DESCRIPTION OF THE INVENTION
The major part of oil reserves in Colombia is of heavy and extra heavy crude oils. The light crude oils reserves are declining drastically and it is estimated that crude production in Colombia will be constituted of more than a 90% of heavy crude oils. This same trend is observed in other Latin American countries such as Ecuador, Peru, and Brazil. The heavy crude reserves in Colombia are located in the Eastern Plains and the Middle Magdalena Valley areas. Nine billion barrels in the Plains area and 1.7 billion barrels in the Middle Magdalena area are the estimated reserves of Original Oil In Place (OOIP). The refineries in Colombia are located one in the Middle Magdalena Valley and the other in the Atlantic Coast. To transport those heavy crude oils to these points or to the export sites, such as Covenas, the mountain ranges have to be crossed. The best alternative to do so is pipelining the products as road transport (tank trucks) is two or three times more expensive. To pipeline it some requirements have to be met: a viscosity lower than 300 cSt (3 cm2/s) at 30° C.; an API° higher than 18; and a water content lower than an 0.5%. An option for the heavy and extra heavy crude oils to comply with those conditions is to use a solvent like naphtha. However, this adds high costs to the production and transportation process of the crude oil making them less profitable than expected.
There is the need of a dehydration process for crude oils in general to take them within water content specifications and, specifically, the application of improvement processes, such as deasphalting, is required for the heavy and extra heavy crude oils, to reduce viscosity, sulfur and metals contents. This way the production becomes viable and transportation and refining, profitable.
In the deasphalting processes asphaltenes are obtained as by-product. It is also necessary to dispose appropriately of these residues to reduce the environmental impact; the asphaltenes can be used for the production of fuel, asphalts, and high heating power fuels. In this particular case, the asphaltenes are used to cogenerate electricity.
The present patent application complies with the solution to the necessity stated above by means of a dehydration and deasphalting process to upgrade heavy and extra heavy crudes using a specific solvent consisting of a mixture of, mainly, paraffin and isoparaffin, naphthenic and some aromatic compounds. FIG. 2 describes the composition of the solvent in % vol. The paraffin and isoparaffin are mainly comprised of penthane, butane, and hexane, and a lower content of heptanes to dodecane. FIG. 3 presents the solvent's boiling curve.
The process starts with the arrival of the heavy or extra heavy crude oil, coming form the extraction wells, to the receiving distributor for the dehydration process. Part of the solvent is added as a diluent to facilitate the removal process of the water contained in the crude oil. At the end of the dehydration stage the crude has a water content of less than 0.5% and is ready to be deasphalted. In this stage, the remaining part of the solvent is added to allow the removal of the asphaltenes contained in the crude. The upgraded crude oil, which contains less sulfur, nickel, and vanadium, as well as a lower viscosity, is sent to be mixed with other crude oils for a later distillation. The asphaltenes precipitated from the crude oil are dried and sent to an electricity cogeneration process. The energy obtained covers the energy requirements of the crude oil production, dehydration and deasphaltation processes, thus reducing the environmental impact that would arise if this type of residues were not properly disposed of. Additionally, this represents a reduction in the operational costs as the energy required for the processes are obtained from one of its byproducts: the asphaltenes.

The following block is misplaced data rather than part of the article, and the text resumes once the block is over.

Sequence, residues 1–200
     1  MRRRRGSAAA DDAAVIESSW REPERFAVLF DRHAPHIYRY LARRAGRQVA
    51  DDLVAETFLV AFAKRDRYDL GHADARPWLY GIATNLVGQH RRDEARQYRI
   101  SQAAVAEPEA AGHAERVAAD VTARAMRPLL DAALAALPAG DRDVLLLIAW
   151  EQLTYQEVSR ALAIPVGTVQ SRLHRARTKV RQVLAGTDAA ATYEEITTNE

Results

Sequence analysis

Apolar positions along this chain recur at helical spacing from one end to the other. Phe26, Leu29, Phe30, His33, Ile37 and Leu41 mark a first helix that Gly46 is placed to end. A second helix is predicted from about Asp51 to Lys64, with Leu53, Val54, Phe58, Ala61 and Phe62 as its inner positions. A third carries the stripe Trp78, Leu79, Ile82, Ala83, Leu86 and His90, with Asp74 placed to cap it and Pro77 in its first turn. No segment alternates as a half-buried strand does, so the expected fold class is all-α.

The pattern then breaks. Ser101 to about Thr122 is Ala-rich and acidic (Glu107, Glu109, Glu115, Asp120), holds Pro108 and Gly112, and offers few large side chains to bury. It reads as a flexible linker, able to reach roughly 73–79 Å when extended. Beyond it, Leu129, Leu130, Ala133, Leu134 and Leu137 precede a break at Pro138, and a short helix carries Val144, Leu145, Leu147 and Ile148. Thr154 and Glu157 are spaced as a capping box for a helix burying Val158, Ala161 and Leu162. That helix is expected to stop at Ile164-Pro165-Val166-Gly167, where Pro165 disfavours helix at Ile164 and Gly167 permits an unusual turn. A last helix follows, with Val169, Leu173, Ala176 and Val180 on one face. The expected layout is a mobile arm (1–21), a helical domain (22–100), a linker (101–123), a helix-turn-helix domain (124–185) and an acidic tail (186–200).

The present invention is related with a continuous process performed in two stages where the first comprises mixing one part of the solvent (in a crude oil:solvent ratio of 3:1) to dehydrate the crude and take it to specifications. The first stage consists of several stages such as the separation of free water, addition of dehydrating additives, warming the crude oil-solvents mixture, and the settling the mixture for a period of time enough to allow the production of dehydrated crude with the processing conditions to be deasphalted. The second stage or deasphalting comprises also several stages: in the first the remaining solvent is added to the dehydrated crude oil (at a crude oil:solvents ratio of 1:4,) to achieve the precipitation of the asphaltenes; this is carried out in a continuous on-line process. The solvent is added gradually, using static mixers to obtain asphaltenes of larger sizes (>20 microns); the second stage consists of taking the solvent-crude oil mixture to a separator, which has internal arrangements, as shown on FIG. 4, to separate the asphaltenes from the supernatant. These internal arrangements prevent turbulence and allow the recovery of an asphaltene-free product at the top. The supernatant contains the upgraded product and the majority of the solvents. In the third stage, this stream is subjected to a solvent recovery process (distillation). The solvent recovered is recycled to the process. The asphaltenes are removed via the bottom of the settler which also drags a small amount of deasphalted crude oil and solvents that go to the fourth stage where they enter into a flash drum where the crude and solvents dragged by the asphaltenes are recovered and sent to the distillation tower for rectification.